- Communicate: Sensitive communication takes place between staff and the dying person, and those identified as important to them.
- Involve: The dying person, and those identified as important to them, are involved in decisions about treatment and care to the extent that the dying person wants.
- Support: The needs of families and others identified as important to the dying person are actively explored, respected and met as far as possible.
- Plan & Do: An individual plan of care, which includes food and drink, symptom control and psychological, social and spiritual support, is agreed, coordinated and delivered with compassion.
Caring For Someone With Dementia Towards The End Of Life
Please be aware – this information is for healthcare professionals. We also have information for the public.
You can use our My Learning form to reflect on how this page has helped with your continuing professional development.
People with dementia may experience problems with thinking, memory, behaviour and mobility. It can be difficult to recognise when someone with dementia is nearing the end of their life. You can support the person by communicating with them and helping them with any symptoms they have. If possible, its a good idea to plan the persons care in advance to help understand what they want from their care.
On this page:
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The Later Stage Of Dementia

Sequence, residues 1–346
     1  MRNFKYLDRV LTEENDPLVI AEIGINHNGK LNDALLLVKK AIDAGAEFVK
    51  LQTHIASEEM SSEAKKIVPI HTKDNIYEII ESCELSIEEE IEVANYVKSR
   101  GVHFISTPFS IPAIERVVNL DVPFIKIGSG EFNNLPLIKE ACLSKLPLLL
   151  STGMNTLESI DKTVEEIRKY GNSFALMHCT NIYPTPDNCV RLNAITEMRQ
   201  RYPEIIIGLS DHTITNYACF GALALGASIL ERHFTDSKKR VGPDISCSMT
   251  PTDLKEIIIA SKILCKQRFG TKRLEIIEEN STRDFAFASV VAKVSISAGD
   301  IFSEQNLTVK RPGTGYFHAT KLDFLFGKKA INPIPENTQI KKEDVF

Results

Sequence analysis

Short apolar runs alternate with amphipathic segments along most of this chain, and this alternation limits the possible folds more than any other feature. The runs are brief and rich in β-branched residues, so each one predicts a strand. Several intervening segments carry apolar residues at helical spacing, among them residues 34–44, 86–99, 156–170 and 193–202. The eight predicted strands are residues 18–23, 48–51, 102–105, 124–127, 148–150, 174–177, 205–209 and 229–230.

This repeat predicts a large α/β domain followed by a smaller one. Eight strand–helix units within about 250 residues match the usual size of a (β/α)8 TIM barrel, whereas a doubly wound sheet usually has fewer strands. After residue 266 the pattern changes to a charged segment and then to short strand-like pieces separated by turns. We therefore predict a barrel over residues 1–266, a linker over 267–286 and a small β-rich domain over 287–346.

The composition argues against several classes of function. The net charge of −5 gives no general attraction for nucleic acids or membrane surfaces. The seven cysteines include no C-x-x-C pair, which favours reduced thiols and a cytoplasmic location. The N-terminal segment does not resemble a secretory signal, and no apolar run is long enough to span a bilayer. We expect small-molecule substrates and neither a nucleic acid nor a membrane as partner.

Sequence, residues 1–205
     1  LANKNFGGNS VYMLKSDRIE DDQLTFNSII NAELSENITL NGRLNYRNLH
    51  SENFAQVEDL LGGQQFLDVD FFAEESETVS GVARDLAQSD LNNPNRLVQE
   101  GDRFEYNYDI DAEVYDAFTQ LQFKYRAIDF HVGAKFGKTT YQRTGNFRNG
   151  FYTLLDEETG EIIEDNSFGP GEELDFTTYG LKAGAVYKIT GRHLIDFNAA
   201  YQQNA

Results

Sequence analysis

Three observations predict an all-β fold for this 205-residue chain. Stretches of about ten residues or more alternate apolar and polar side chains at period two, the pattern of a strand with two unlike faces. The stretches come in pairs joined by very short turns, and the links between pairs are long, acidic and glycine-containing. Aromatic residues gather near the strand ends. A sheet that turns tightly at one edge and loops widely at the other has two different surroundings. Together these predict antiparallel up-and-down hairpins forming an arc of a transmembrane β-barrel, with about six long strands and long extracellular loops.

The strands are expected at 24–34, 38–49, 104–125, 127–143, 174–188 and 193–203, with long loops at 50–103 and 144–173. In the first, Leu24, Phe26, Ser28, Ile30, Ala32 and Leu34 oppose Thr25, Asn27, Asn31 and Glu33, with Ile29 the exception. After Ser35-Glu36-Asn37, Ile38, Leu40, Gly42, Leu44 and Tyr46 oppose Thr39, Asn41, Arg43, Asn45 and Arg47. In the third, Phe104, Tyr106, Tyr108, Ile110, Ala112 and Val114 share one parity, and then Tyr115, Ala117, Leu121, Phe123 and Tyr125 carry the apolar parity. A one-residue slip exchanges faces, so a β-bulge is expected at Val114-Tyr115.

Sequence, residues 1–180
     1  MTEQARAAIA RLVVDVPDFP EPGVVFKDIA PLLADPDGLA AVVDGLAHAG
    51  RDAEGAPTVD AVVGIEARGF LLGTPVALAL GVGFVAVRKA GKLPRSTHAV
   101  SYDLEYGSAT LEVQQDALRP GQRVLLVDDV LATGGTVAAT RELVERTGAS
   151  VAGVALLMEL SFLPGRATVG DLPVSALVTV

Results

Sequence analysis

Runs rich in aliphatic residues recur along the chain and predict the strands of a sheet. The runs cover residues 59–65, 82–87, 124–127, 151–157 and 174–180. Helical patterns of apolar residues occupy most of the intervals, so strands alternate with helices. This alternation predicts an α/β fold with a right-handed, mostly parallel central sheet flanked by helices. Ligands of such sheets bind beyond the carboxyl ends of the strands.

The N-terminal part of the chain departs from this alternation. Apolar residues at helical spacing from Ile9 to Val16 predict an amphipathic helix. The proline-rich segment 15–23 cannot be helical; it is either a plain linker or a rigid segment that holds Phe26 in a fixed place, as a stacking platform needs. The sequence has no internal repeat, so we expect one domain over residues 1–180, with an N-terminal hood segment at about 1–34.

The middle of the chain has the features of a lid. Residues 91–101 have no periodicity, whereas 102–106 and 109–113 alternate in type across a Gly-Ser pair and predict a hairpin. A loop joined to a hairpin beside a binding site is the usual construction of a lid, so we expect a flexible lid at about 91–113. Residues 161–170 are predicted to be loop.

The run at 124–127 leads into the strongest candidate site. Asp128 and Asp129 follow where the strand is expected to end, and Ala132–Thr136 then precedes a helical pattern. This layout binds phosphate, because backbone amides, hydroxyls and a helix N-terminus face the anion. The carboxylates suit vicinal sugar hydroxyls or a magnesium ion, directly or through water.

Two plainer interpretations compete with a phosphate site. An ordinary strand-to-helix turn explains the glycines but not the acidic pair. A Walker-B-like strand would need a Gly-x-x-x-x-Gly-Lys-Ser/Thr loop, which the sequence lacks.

People with later-stage dementia will eventually need full-time care and support with daily living and personal care, such as eating, washing and dressing. Whatever kind of dementia a person has, their life expectancy is on average lower.
The progression and stages of dementia
Dementia is a life-limiting condition and there is information about later-stage dementia and life expectancy on this page. Some people may find this upsetting and difficult to think about.
For more general information about the different stages of dementia, see The progression and stages of dementia page.
By the later stage of dementia, the condition will have a severe impact on most aspects of a persons life. The person will eventually need full-time care and support with daily living and personal care, such as eating, washing and dressing. This support can be provided by care at home but is more often given in a care home setting.
Symptoms of all kinds are likely to cause the person considerable difficulties in this stage, but altered perception and physical problems are often the most noticeable. By the late stage, the symptoms of all types of dementia become very similar.
The later stage of dementia tends to be the shortest. On average it lasts about one to two years.
Are you supporting a person with later-stage dementia?
Get practical advice and tips on supporting a person with later-stage dementia.
What Are The Seven Stages Of Dementia
Dementia is most often diagnosed using a global scale that assesses the varying stages of memory loss and the ability of the brain to function properly.